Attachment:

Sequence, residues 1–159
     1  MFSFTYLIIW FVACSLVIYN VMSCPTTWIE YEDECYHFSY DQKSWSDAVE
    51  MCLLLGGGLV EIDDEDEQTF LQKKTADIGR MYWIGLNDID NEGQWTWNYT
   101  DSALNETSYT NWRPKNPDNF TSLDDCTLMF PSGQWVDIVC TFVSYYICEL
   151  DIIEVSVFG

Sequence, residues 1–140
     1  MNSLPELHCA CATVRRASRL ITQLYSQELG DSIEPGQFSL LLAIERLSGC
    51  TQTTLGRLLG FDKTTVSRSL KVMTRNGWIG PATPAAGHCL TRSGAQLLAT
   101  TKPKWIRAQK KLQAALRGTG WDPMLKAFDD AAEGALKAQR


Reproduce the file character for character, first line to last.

Sequence, residues 1–159
     1  MFSFTYLIIW FVACSLVIYN VMSCPTTWIE YEDECYHFSY DQKSWSDAVE
    51  MCLLLGGGLV EIDDEDEQTF LQKKTADIGR MYWIGLNDID NEGQWTWNYT
   101  DSALNETSYT NWRPKNPDNF TSLDDCTLMF PSGQWVDIVC TFVSYYICEL
   151  DIIEVSVFG

Sequence, residues 1–140
     1  MNSLPELHCA CATVRRASRL ITQLYSQELG DSIEPGQFSL LLAIERLSGC
    51  TQTTLGRLLG FDKTTVSRSL KVMTRNGWIG PATPAAGHCL TRSGAQLLAT
   101  TKPKWIRAQK KLQAALRGTG WDPMLKAFDD AAEGALKAQR